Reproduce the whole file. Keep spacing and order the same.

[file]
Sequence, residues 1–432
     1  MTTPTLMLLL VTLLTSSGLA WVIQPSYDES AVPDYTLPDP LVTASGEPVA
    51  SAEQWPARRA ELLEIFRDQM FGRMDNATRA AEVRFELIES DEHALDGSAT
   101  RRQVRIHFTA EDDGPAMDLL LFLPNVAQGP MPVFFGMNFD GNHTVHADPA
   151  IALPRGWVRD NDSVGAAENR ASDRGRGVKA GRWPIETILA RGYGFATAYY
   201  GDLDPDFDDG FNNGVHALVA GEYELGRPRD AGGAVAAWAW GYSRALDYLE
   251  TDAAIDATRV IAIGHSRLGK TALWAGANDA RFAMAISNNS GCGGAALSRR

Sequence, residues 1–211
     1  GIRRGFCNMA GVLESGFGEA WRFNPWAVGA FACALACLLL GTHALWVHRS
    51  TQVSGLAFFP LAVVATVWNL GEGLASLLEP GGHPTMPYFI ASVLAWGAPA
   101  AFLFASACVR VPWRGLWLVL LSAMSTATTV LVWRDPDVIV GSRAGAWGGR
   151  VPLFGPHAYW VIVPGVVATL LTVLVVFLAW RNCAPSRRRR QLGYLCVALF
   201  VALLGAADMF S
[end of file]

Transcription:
Sequence, residues 1–432
     1  MTTPTLMLLL VTLLTSSGLA WVIQPSYDES AVPDYTLPDP LVTASGEPVA
    51  SAEQWPARRA ELLEIFRDQM FGRMDNATRA AEVRFELIES DEHALDGSAT
   101  RRQVRIHFTA EDDGPAMDLL LFLPNVAQGP MPVFFGMNFD GNHTVHADPA
   151  IALPRGWVRD NDSVGAAENR ASDRGRGVKA GRWPIETILA RGYGFATAYY
   201  GDLDPDFDDG FNNGVHALVA GEYELGRPRD AGGAVAAWAW GYSRALDYLE
   251  TDAAIDATRV IAIGHSRLGK TALWAGANDA RFAMAISNNS GCGGAALSRR

Sequence, residues 1–211
     1  GIRRGFCNMA GVLESGFGEA WRFNPWAVGA FACALACLLL GTHALWVHRS
    51  TQVSGLAFFP LAVVATVWNL GEGLASLLEP GGHPTMPYFI ASVLAWGAPA
   101  AFLFASACVR VPWRGLWLVL LSAMSTATTV LVWRDPDVIV GSRAGAWGGR
   151  VPLFGPHAYW VIVPGVVATL LTVLVVFLAW RNCAPSRRRR QLGYLCVALF
   201  VALLGAADMF S